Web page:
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Accessibility: Content

Headings are used to denote sections

Screen readers navigate through a webpage via the page headers.  The headers allow a screen reader user to "scan" a page as a sighted user would.  For this reason, use headers appropriately throughout the webpage.  Proper header use is the same as an APA document.
Do not use headers to change the look of a standard font. This is not appropriate use of a header.
Don't jump heading levels, for instance going from H2 to an H4 font without an H3 font.

Heading 1 (H1): Webpage Title

Heading 2 (H2): Box Title 

Heading 3 (H3): Box Section

Heading 4 (H4): Box Sub-section


Do not use bold text to denote section breaks; use the appropriate H3 or H4 heading

In, do not change the font color or other settings for the headings. The system settings control the look of the header.



Additional heading examples

Use rich text numbered list for numbered sequence

If any sequence has more than one step, number it.
In order for screen readers to identify a numbered list, you must use the rich text numbered list for any numbered list.  Do not fake a numbered list by typing the numbers 1, 2, 3, or Step One, Step Two, etc.


When you interrupt a numbered list with text or images, most rich text editors will restart the next item with number one. To fix this in LibGuides, right-click on the list to see the numbered list properties. You can adjust the start number here.


Use rich text bullets for a list with two or more items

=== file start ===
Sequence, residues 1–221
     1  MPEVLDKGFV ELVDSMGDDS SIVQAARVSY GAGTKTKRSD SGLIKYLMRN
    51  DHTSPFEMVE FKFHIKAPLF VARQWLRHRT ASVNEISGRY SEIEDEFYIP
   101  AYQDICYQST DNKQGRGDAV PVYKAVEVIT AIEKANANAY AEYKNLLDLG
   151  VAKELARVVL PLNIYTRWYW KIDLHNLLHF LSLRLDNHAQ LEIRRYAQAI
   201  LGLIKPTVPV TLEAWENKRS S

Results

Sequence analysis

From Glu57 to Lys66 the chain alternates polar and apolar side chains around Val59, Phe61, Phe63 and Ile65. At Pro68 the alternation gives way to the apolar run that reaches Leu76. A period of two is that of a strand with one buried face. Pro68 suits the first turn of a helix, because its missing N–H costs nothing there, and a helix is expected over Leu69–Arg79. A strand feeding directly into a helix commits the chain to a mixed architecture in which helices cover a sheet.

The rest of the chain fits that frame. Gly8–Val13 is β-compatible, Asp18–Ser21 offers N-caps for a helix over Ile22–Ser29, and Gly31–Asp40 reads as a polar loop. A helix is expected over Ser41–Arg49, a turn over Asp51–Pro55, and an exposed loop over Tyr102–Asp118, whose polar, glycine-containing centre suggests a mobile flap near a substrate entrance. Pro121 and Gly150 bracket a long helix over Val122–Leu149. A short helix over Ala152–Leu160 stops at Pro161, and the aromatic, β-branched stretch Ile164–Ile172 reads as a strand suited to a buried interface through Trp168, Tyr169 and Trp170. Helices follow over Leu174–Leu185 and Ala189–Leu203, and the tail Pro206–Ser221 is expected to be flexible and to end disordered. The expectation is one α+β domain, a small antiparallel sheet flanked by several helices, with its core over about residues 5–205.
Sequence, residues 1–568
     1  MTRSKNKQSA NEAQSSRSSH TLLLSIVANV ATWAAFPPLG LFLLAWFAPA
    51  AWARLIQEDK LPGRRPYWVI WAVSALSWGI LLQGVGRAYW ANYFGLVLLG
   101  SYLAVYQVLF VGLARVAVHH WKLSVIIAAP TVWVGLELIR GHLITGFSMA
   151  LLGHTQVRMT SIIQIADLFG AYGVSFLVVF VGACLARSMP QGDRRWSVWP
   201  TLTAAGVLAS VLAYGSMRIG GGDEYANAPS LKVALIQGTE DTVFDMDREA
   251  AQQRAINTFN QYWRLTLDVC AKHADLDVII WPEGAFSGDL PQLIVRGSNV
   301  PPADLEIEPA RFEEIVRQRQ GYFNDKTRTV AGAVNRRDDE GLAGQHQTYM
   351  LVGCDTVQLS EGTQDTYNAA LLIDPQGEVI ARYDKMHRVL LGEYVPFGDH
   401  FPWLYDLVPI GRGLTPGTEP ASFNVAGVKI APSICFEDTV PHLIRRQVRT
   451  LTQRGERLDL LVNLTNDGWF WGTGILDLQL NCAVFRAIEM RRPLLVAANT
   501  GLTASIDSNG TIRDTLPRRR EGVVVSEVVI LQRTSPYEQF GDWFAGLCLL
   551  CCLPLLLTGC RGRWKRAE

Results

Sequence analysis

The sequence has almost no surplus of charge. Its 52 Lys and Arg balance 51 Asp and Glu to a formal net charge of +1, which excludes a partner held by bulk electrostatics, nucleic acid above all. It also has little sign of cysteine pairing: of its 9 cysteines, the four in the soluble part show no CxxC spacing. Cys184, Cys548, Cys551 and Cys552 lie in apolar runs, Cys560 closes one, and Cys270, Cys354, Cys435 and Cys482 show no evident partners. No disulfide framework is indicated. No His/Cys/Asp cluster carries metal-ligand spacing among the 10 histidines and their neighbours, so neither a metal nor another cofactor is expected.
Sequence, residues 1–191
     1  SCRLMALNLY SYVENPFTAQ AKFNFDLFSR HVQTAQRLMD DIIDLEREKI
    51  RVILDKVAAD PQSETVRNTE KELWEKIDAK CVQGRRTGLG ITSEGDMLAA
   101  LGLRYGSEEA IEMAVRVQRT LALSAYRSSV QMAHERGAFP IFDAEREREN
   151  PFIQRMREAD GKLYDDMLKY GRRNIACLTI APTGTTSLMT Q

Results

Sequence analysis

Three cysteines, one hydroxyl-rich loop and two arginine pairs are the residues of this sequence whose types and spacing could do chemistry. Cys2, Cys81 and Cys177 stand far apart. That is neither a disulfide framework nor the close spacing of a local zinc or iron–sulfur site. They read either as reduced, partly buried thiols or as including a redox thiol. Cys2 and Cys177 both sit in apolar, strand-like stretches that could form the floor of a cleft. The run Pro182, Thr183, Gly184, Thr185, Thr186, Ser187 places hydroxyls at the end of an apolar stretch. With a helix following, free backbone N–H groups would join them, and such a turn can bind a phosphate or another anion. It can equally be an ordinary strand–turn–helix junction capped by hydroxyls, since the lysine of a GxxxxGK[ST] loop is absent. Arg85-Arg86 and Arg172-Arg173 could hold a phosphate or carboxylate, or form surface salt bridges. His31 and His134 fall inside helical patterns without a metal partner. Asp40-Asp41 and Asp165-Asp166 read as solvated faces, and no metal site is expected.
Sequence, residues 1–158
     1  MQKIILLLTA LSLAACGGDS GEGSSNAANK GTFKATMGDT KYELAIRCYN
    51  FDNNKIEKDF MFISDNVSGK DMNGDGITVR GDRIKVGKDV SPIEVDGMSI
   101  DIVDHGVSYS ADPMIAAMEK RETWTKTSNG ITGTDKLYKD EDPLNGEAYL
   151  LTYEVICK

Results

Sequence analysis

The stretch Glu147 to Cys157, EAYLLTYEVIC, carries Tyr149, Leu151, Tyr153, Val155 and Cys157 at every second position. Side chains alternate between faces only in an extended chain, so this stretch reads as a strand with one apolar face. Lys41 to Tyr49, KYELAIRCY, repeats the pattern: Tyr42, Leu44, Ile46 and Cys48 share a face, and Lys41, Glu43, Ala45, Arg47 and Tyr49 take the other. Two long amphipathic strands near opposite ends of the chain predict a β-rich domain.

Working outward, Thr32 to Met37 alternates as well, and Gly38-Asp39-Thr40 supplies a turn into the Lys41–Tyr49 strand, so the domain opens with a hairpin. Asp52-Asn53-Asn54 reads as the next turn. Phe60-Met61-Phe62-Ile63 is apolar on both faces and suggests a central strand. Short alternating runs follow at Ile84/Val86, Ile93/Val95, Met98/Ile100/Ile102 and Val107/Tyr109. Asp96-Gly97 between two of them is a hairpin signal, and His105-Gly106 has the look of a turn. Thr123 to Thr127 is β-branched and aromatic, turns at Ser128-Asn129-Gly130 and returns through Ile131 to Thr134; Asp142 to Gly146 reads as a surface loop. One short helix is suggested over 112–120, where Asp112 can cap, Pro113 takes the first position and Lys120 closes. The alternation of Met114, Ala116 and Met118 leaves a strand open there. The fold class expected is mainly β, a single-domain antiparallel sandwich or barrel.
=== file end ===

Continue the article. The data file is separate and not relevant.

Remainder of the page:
Any list of two or more items must use bullets.

For screen readers to identify a bulleted list, you must use the rich text bullet list for any bullets. Do not "fake" a bulleted list with dashes, hyphens, asterisks, or any other character.


Bullet list examples

Color may not be the only way to emphasize text

For those who cannot perceive differences in color, color may not be the only way to emphasize text.  In addition to color, use bold or italics to emphasize text.

Note: Underlined text is reserved for identifying links. Do not underline text to emphasize it.

For example

Bad: Draco Malfoy

Bad: Dolores Umbridge

Good: Hermione Granger

Good: Dobby

Text has sufficient color contrast to background

Text must have a contrast ratio of at least 7:1 from the background color.  This includes text on images and the contrast between text and highlight colors.

Use a color contrast checker such as the WebAIM Color Contrast Checker to determine sufficient contrast.  The contrast must meet AAA standards for its size (normal or large).


Color Contrast Examples

Content is readable at 200% magnification

The layout and structure of the page must be intuitive at 200% magnification.  In Springshare products, this level of magnification moves the page to the mobile layout.  

Content must be readable at 200% magnification, including text on images.

Default font and link settings are not changed

The system code controls the font. Do not use the font drop-down to change the font type and do not manually change the look of links, including adding underlines or changing the text color.

If you copy text from another source, you may copy over font formatting along with the text.  Whenever you copy/paste from another source, use the "Remove Format" tool to remove all copied formatting. 


Note: The font style, along with the rest of the system look, does not apply to the guide creation/edit pages and backend. 

No underlined text except for links

Underlined text is reserved for links.  To avoid confusion, no text may be underlined except links and as required by APA citation rules.

Do not manually change the look of links, including adding underlines or changing the text color.  The link look is controlled at the system level.